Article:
Prenatal diagnosis of isolated congenital complete heart block

This page from Great Ormond Street Hospital (GOSH) explains about isolated congenital heart block detected during a prenatal ultrasound scan and what this might mean for your child. It will support the information discussed with you by your doctor and nurse at your appointment and it is important to remember that every case is slightly different.In the majority of cases, the structure of a baby’s heart is normal. The heart is made up of four chambers – two at the top called atria and two at the bottom called ventricles. The ventricles are the pumping chambers of the heart. The heart has an electrical system that makes it pump. The electrical impulses travel through the heart in a set pattern from the atria to the ventricles each time it beats.

Complete heart block is a problem with the electrical system of the heart so that the electrical impulses are not passed effectively from the atria to the ventricles. This causes the pumping chambers (the ventricles) to beat more slowly than normal.

Why has my baby got it? 

Complete heart block affects about 1 in 20,000 pregnancies. In some cases, no cause is found to explain why this has happened. In others it can be related to an abnormality in the structure of the heart, which affects how the electrical impulses can travel through the heart.

In the majority of cases, however, the mother is found to have specific antibodies in her blood. These antibodies are called ‘anti Ro’ and ‘anti La’, and are often found in association with autoimmune conditions (where the immune system mistakenly attacks itself rather than foreign invaders such as germs).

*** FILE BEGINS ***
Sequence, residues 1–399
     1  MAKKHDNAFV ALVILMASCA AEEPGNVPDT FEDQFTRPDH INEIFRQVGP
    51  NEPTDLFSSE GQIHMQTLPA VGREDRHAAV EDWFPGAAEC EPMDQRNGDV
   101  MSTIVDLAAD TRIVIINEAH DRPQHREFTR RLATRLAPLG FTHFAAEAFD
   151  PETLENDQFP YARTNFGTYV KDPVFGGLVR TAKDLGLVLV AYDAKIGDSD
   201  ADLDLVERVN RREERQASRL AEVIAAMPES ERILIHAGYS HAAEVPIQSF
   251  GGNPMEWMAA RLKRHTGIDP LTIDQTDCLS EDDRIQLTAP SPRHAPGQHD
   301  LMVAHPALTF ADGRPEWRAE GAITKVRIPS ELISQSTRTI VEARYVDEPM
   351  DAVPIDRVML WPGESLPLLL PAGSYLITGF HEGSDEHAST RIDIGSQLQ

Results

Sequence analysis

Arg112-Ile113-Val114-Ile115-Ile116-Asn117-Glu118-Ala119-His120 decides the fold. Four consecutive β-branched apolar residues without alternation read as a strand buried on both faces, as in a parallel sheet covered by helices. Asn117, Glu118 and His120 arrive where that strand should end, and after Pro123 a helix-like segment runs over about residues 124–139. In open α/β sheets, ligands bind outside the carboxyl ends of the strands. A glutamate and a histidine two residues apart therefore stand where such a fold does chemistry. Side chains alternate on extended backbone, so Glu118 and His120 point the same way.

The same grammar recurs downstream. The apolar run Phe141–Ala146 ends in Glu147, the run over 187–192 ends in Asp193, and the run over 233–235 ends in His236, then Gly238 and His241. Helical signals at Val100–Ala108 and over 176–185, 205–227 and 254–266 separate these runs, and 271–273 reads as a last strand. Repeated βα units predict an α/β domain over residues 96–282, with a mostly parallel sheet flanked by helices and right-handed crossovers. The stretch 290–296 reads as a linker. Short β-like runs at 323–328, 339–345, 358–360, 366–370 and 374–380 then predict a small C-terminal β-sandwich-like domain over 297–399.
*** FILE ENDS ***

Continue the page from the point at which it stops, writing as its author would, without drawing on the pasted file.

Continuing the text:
The antibodies cross the placenta and react with the tissue through which the impulses pass – these are called the conduction system. It is thought that this reaction damages the conduction system, which is usually permanent.

We will take a blood sample to look for these antibodies. If this is positive, you will be referred to a specialist in Rheumatology (specialist doctors for autoimmune conditions) for further advice and information after your baby is born.

How serious is this condition?

This depends on how severely baby is affected. The severity of the condition depends on the baby’s heart rate and pumping efficiency. A build-up of fluid in the baby (hydrops) before birth shows that the baby has developed heart failure which indicates that the baby’s body is struggling to cope with the slow heart rate. Once hydrops is present, there is a high risk that the pregnancy may result in a miscarriage or that the baby may not survive after birth.

In some, the heart rate does not change much during pregnancy, but in others it gradually slows and hydrops develops. For this reason, you will be monitored regularly and the baby may be delivered early if there are any signs of problems and the baby is mature enough.

If no signs of heart failure develop during pregnancy, then there is a good chance that the baby will do well. However, it can be difficult to predict whether the heart rate will be affected and whether the baby will survive.

What treatments are available?